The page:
What Does it Take to Be a Credit Analyst?
Credit Analyst Definition Analyze credit data and financial statements of individuals or firms to determine the degree of risk involved in extending credit or lending money. Prepare reports with credit information for use in decision making.
Life As a Credit Analyst: What Do They Do?
- Prepare reports that include the degree of risk involved in extending credit or lending money.
- Confer with credit association and other business representatives to exchange credit information.
- Consult with customers to resolve complaints and verify financial and credit transactions.
- Analyze financial data such as income growth, quality of management, and market share to determine expected profitability of loans.
- Review individual or commercial customer files to identify and select delinquent accounts for collection.
- Evaluate customer records and recommend payment plans, based on earnings, savings data, payment history, and purchase activity.
What Skills Do You Need to Work as a Credit Analyst?
Credit Analysts state the following job skills are important in their day-to-day work.
Critical Thinking: Using logic and reasoning to identify the strengths and weaknesses of alternative solutions, conclusions or approaches to problems.
Active Learning: Understanding the implications of new information for both current and future problem-solving and decision-making.
Active Listening: Giving full attention to what other people are saying, taking time to understand the points being made, asking questions as appropriate, and not interrupting at inappropriate times.
Judgment and Decision Making: Considering the relative costs and benefits of potential actions to choose the most appropriate one.
Speaking: Talking to others to convey information effectively.
Reading Comprehension: Understanding written sentences and paragraphs in work related documents.
Related Job Titles
- Credit Negotiator
- Credit Administrator
- Credit Manager
Credit Analyst Job Outlook
In 2016, there was an estimated number of 73,800 jobs in the United States for Credit Analyst. New jobs are being produced at a rate of 8.3% which is above the national average. The Bureau of Labor Statistics predicts 6,100 new jobs for Credit Analyst by 2026. Due to new job openings and attrition, there will be an average of 6,800 job openings in this field each year.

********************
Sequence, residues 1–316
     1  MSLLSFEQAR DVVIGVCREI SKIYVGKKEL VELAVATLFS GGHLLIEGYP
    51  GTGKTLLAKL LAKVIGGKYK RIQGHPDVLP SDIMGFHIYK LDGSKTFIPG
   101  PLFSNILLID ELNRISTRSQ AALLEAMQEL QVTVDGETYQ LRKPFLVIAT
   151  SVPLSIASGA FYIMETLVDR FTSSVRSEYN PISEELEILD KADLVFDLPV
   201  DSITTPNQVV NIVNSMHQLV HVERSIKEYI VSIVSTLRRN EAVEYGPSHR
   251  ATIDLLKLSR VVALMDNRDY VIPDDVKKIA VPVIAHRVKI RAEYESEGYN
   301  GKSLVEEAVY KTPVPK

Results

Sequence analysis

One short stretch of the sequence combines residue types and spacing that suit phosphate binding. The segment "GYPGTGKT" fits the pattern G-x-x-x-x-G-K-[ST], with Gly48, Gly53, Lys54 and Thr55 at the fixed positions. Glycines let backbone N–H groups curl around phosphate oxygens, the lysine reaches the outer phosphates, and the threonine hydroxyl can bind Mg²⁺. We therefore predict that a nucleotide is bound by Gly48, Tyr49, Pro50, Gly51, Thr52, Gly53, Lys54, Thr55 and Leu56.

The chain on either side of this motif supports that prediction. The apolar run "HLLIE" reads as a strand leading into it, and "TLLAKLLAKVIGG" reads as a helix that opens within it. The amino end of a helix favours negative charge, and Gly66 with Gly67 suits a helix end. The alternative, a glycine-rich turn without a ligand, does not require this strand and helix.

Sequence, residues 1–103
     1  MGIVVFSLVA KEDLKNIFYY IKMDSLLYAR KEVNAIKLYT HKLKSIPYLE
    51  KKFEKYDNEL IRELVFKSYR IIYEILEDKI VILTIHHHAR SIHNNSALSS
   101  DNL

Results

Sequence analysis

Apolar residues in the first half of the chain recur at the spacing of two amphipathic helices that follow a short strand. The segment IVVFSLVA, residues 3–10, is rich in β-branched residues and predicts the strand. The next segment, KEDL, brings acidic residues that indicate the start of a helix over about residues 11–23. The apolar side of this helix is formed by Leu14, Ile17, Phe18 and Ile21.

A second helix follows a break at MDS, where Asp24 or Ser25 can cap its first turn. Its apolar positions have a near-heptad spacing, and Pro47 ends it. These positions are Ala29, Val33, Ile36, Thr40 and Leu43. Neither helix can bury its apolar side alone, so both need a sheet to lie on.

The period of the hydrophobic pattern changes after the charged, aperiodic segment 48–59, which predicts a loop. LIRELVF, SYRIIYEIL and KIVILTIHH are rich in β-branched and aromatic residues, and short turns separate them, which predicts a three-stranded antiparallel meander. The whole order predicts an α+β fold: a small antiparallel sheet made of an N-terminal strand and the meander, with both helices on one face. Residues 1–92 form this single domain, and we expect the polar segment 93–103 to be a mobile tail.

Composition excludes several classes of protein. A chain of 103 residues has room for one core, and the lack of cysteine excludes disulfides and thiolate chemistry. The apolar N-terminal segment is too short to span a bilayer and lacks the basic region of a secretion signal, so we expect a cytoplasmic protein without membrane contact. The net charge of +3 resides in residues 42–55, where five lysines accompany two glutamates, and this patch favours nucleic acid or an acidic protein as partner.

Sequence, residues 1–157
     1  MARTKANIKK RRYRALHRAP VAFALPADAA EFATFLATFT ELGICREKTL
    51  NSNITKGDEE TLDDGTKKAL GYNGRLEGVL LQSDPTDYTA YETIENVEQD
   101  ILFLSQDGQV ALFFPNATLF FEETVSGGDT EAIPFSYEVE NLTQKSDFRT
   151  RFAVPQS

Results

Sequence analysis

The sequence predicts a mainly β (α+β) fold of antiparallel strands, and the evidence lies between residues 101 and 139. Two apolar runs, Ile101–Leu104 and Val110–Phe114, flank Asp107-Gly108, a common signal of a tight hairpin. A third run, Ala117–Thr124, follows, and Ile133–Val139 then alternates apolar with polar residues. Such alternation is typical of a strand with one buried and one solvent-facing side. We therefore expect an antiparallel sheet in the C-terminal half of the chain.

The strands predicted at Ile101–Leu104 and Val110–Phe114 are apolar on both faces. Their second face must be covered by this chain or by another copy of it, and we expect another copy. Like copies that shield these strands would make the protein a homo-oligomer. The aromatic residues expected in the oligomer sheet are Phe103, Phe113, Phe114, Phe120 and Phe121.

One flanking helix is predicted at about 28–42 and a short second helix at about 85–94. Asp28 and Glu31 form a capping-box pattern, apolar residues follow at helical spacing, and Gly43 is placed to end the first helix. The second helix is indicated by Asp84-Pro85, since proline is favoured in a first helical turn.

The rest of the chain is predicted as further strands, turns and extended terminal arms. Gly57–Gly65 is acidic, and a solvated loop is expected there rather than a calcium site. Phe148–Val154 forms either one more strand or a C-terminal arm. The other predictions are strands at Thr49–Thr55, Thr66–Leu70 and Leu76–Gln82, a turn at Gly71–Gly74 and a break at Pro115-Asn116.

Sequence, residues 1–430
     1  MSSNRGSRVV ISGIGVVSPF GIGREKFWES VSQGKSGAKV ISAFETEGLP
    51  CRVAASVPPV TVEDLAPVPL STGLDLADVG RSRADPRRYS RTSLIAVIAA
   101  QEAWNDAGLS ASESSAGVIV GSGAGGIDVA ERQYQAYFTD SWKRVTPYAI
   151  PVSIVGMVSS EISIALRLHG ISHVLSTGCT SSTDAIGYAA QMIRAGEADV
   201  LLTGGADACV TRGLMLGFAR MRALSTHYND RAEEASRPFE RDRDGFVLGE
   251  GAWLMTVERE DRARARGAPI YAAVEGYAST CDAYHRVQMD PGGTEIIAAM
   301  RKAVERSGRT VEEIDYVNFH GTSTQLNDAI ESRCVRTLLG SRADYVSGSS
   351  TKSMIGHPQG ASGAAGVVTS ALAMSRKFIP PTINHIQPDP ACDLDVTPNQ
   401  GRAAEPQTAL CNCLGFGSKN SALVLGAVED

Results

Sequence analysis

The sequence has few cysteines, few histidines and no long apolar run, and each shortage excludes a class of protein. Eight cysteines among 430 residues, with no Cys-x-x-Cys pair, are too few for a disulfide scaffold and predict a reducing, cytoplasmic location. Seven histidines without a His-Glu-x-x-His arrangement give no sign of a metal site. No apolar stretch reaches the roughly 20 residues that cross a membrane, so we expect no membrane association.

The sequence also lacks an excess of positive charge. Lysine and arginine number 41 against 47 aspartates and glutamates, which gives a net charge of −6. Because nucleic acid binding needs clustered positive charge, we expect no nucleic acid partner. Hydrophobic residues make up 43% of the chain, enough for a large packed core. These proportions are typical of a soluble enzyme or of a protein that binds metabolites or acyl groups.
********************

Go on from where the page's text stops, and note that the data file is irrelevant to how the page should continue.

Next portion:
The states with the most job growth for Credit Analyst are Utah, Arizona, and Nevada. Watch out if you plan on working in Wyoming, West Virginia, or Vermont. These states have the worst job growth for this type of profession.
Credit Analyst Average Salary
Credit Analysts make between $43,100 and $137,610 a year.
Credit Analysts who work in District of Columbia, New York, or Virginia, make the highest salaries.
How much do Credit Analysts make in different U.S. states?
|State||Annual Mean Salary|
|District of Columbia||$108,420|
What Tools do Credit Analysts Use?
Although they’re not necessarily needed for all jobs, the following technologies are used by many Credit Analysts:
- Microsoft Excel
- Microsoft Word
- Microsoft Office
- Microsoft PowerPoint
- Structured query language SQL
- Microsoft Dynamics
- Microsoft Visual Basic
- Microsoft SQL Server
- Oracle JD Edwards EnterpriseOne
- Oracle Business Intelligence Enterprise Edition
- CGI-AMS BureauLink Enterprise
- Experian Credinomics
- Moody’s KMV CreditEdge
- Fair Isaac Capstone Decision Manager
- Experian Retention Triggers
- Fair Isaac Application Risk Model Software
- Experian Quest
- Fair Isaac Falcon ID
How do I Become a Credit Analyst?
Individuals working as a Credit Analyst have obtained the following education levels:
How many years of work experience do I need?
Where do Credit Analysts Work?
Credit Analysts work in the following industries:
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More about our data sources and methodologies.
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